Scoring Scoring sessions occur on specially equipped scoring stages, or sometimes in the venue in which an orchestra routinely plays. Multitrack recordings, with stereo techniques that tend toward the spaced omni approach with added spot microphones, are typical. Spot microphones are usually directional ones, such as cardioids, located near the sources, so that they can be separately addressed in postmixing. The differences from large-scale orchestral recording include the ability for the conductor to follow a projected picture or at least a video monitor. The video has inserted in it a “streamer,” a left-toright line across the picture that hits the right side of the screen when a particular cue, or point in a cue, is to happen. Also distinguishing scoring stages from ordinary orchestral recording are various headphone feeds, needed to maintain strict synchronization.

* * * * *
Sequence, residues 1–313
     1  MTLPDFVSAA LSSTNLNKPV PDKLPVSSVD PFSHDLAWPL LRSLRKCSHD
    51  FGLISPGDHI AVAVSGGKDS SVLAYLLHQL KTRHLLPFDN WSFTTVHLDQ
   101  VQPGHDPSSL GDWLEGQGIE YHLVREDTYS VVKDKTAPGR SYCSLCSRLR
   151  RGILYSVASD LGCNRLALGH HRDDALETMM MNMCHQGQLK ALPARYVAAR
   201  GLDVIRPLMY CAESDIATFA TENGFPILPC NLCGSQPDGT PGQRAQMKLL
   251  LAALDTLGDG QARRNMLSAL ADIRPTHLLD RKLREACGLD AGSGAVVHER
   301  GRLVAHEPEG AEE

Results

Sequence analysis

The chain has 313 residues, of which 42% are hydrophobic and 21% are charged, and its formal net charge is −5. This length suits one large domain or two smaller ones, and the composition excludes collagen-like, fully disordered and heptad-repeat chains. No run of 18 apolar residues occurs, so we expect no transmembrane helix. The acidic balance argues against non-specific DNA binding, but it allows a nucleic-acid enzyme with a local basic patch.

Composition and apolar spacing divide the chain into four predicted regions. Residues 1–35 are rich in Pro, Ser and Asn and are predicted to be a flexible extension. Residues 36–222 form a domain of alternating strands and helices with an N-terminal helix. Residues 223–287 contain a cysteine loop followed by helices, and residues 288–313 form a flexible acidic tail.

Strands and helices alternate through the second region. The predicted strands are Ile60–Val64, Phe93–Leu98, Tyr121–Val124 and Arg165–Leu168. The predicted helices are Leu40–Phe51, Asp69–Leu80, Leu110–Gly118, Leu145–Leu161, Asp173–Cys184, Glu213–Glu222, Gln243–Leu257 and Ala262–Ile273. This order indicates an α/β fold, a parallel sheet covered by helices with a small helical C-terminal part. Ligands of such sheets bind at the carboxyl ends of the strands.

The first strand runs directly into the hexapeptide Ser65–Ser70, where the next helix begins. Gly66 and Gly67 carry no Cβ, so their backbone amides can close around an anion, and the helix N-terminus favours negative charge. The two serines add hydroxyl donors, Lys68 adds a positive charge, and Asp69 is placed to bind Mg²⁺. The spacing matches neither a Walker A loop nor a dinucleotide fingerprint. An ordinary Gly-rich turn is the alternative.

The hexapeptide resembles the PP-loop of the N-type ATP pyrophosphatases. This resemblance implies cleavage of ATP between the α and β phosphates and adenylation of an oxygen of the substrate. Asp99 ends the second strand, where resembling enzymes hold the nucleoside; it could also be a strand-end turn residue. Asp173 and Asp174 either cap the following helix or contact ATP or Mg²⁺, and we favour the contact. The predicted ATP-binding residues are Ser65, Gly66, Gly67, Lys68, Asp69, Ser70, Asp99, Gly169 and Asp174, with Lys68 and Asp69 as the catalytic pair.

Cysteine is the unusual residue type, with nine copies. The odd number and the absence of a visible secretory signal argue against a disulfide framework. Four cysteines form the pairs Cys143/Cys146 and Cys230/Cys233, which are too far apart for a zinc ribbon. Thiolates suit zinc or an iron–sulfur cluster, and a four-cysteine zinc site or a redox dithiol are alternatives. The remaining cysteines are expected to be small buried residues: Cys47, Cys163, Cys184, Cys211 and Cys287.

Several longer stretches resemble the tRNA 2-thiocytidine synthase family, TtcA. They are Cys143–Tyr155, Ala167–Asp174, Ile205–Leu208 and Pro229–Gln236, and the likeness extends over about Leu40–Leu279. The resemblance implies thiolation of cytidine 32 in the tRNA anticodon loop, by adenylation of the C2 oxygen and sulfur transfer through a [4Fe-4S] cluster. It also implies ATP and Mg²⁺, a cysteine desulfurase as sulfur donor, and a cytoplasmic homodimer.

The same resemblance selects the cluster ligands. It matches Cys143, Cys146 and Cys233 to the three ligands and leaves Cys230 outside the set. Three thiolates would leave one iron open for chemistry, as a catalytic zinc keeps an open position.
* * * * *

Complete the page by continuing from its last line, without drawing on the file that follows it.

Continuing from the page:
Event Sound Sports and live television variety and awards shows are special categories unto themselves, but they generally employ a mixture of the methods described above. Some of these are among the most complex productions that ever occur, because of the live nature and complexity of the event. Producing audio for the Academy Awards for instance is a very sophisticated operation, involving four people mixing in four different environments (one for house sound located in the auditorium, one for feedback to the stage and cueing located above and to one side of the orchestra pit, one for orchestra mixing in its own truck, and one for the final show mixing in another truck26) and a host of support people, including one that manages the radio microphone frequencies to minimize the likelihood of interference when so many radio mics are in use. Although the production of programs such as the Academy Awards is extremely complicated, the microphone techniques employed may be broken down into sets of the methods described above, layered over one another for the final presentation: l